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Sunday, October 1, 2023

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Sunday, October 1, 2023


Cherrapunjee (now, Sohra) strikes a romantic chord not just with the people of Meghalaya, but tourists, who throng the place in droves to get a glimpse of the stunning waterfalls and landscape. Donboklang Majaw goes beyond the usual perception to write about how people are adversely affected by the weather.

By Donboklang Majaw

Renowned all over the world as a unique tourist destination, Sohra is also known for its extreme weather during monsoons, scoring an average of over 11,000 mm of rain annually. It is second only to Mawsynram, a neighbouring village, about 8 km in the aerial distance – currently the wettest place on earth.

In 1974, the highest rainfall on a single day was at 2,455 mm. Earlier this year, Sohra recorded a staggering 2500+ mm in a space of three days between June 15 – 17, 2022.

The rainy season usually lasts from April to mid-September every year. Because of the incessant rains during this period, the place is also well sought after by tourists from all over the world for the majestic waterfalls, the wild greenery, the ever-permeating mist and its unmatched scenic beauty that springs to life as soon as winter retreats.

Given that the place is located at 4267 feet above sea level, the rains would collect and feed a huge number of waterfalls in the region during this period, making Sohra more closely associated with elegant cascades and seasonal waterfalls rather than just the heavy rains.

Nohkalikai Falls, the fourth-highest single-drop waterfall in the world, is one of the most documented of them all and has lately become a symbol of the growing Sohra tourism. Thousands of tourists visit the place in a single day and this has led to a boom in the local economy of the region in recent years.

The Khasis were entirely an oral-based culture prior to the British era and songs and stories about the Sohra monsoon were often celebrated, becoming a source of pride and wonder for the people of the region… something that holds true even now. However, Soso Tham (1873-1940), in his book of poems, Ka Duitara Ksiar, while writing about the wrath, beauty and the overall majestic aura of the mighty Sohra weather, also touched upon the fears and anxiety of the poor – their fragile homesteads could be victims to the raging onslaught of rain and windy storms.

He, and a handful of others, were perhaps the only poets who had written about this side of the Sohra experience.

Stories of tin roofs and thatched houses being ripped apart and blown away by the wind are still reported to this day.

Although the rains were a source of wonder and romantic deliberations to the visitors and the residents, it is, however, an unwavering force of nature, impossible to overcome even by the native population. Life is tough and difficult, especially for daily wagers and small-time traders – they often find it difficult to go to work on rainy days for it impedes movement and travel. Most people stay at home when the rains get too heavy.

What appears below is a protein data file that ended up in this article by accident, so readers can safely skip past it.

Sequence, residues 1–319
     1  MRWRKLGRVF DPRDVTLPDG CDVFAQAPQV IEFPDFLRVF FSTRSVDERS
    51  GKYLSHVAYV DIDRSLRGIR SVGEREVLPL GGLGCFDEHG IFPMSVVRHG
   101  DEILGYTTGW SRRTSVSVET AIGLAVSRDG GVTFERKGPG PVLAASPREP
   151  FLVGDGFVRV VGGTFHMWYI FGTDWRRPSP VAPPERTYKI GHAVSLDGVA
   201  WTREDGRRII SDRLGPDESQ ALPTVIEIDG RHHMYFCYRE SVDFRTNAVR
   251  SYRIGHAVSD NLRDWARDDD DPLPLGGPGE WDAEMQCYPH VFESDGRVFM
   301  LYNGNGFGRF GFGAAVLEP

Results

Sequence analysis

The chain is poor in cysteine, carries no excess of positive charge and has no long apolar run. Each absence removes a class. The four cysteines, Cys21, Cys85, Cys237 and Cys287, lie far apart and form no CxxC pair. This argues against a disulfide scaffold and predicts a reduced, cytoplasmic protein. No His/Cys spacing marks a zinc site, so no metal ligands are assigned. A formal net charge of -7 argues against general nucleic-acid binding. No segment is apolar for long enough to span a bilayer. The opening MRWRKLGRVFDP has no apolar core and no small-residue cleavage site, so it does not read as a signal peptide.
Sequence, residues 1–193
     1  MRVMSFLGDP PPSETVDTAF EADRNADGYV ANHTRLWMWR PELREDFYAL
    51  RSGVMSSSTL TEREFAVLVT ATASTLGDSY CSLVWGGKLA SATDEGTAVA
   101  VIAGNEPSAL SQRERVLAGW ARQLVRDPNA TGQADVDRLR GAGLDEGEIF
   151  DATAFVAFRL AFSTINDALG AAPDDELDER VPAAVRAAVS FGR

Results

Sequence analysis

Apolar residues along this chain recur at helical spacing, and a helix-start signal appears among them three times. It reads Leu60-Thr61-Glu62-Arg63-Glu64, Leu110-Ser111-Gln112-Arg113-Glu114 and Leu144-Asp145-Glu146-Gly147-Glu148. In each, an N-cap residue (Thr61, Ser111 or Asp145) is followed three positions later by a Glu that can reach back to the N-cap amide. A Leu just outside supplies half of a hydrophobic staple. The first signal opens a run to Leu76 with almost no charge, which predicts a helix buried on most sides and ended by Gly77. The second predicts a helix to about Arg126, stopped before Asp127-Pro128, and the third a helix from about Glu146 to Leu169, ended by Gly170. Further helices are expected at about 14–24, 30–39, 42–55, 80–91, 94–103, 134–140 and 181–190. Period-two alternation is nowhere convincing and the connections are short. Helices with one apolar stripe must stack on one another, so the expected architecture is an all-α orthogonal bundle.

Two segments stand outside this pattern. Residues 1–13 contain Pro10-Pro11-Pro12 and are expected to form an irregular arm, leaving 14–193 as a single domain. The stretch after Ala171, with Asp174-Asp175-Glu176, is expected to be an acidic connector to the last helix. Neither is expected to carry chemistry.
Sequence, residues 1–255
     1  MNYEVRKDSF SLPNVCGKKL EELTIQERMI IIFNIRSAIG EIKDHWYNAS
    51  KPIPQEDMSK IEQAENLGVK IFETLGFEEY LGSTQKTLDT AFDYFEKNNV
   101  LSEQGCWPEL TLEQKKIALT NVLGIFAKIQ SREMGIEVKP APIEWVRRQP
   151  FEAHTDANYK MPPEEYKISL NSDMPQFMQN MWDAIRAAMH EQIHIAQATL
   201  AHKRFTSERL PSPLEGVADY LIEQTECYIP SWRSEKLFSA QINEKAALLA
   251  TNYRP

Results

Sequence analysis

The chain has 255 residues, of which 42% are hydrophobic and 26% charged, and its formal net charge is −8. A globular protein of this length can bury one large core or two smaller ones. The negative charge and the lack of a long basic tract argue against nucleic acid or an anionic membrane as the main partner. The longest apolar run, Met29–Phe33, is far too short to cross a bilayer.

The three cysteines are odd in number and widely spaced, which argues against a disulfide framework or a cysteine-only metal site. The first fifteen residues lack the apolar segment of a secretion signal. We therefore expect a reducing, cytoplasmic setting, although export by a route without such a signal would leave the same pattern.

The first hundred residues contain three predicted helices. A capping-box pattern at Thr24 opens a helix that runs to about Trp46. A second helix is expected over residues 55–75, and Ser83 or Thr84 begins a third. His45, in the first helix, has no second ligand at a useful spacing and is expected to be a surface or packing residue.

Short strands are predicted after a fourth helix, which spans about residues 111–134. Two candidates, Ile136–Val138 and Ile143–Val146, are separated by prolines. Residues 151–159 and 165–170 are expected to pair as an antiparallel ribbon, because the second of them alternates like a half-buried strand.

Since the place is heavily ravaged by continuous rainfall, farming is next to impossible, given the erasure of the soil. The heavy downpour, accompanied by regular hailstorms, is hard on the tender crops. Only a handful of cultivated crops can withstand the raging Sohra climate, and they cannot be produced in bulk. Hence, the people of the region have adopted various occupations for their livelihoods other than farming – construction work, trade, service providing and, of course, tourism.

Writers and columnists who are familiar with this actuality had often referred to Sohra as “The Wettest Desert”. An oxymoron, yes, but it definitely fits the bill.

It is no surprise that many of the local poets, artists, and singers would draw inspiration from the rainy season in writing and composing their more sombre pieces, such as the ‘monsoon blues’. They are not rampant among the natives of Sohra. The monsoon, after all, is often associated with feelings of loneliness, longing and raging heartfelt emotions – for sunny days are few and far between.

Sometimes, people don’t see the sun for more than a month or two… a legacy of Sohra, right from times immemorial.

Children were also affected by the rains since parents would make them stay at home for days on end, affecting their academics. Happy and fun-filled childhood memories were often made not in the monsoon but during drier seasons. Most of the cultural and community festivities, weddings and concerts are celebrated and observed in dry seasons, usually in winter, when it doesn’t rain.

“We, the Sohra people, are like ants,” says Wanki Diengdoh, a local entrepreneur. “We work hard all winter so that we can eat during the rainy season. It still amazes me as to how our people survive year after year without complaints. The resilience is remarkable.”

Banlamkupar Lyngdoh, a school teacher and published author from Sohra who has recently released a book of poems, Khmih Pyn-or, also remarked and concurs that the rain of Sohra is seemingly romantic only to those who are far from it but not to those who face it every day. The unpredictability of the weather, he said, is a huge problem for people, especially those from marginalised families. It puts them in a constant state of unease and low spirits as they wait for it to subside – although technology has somewhat eased these problems. “Sometimes, it looks like the raging rain seems to be intentional… as if pouring to sabotage the day-t0-day earnings of the people,” he sardonically observed.

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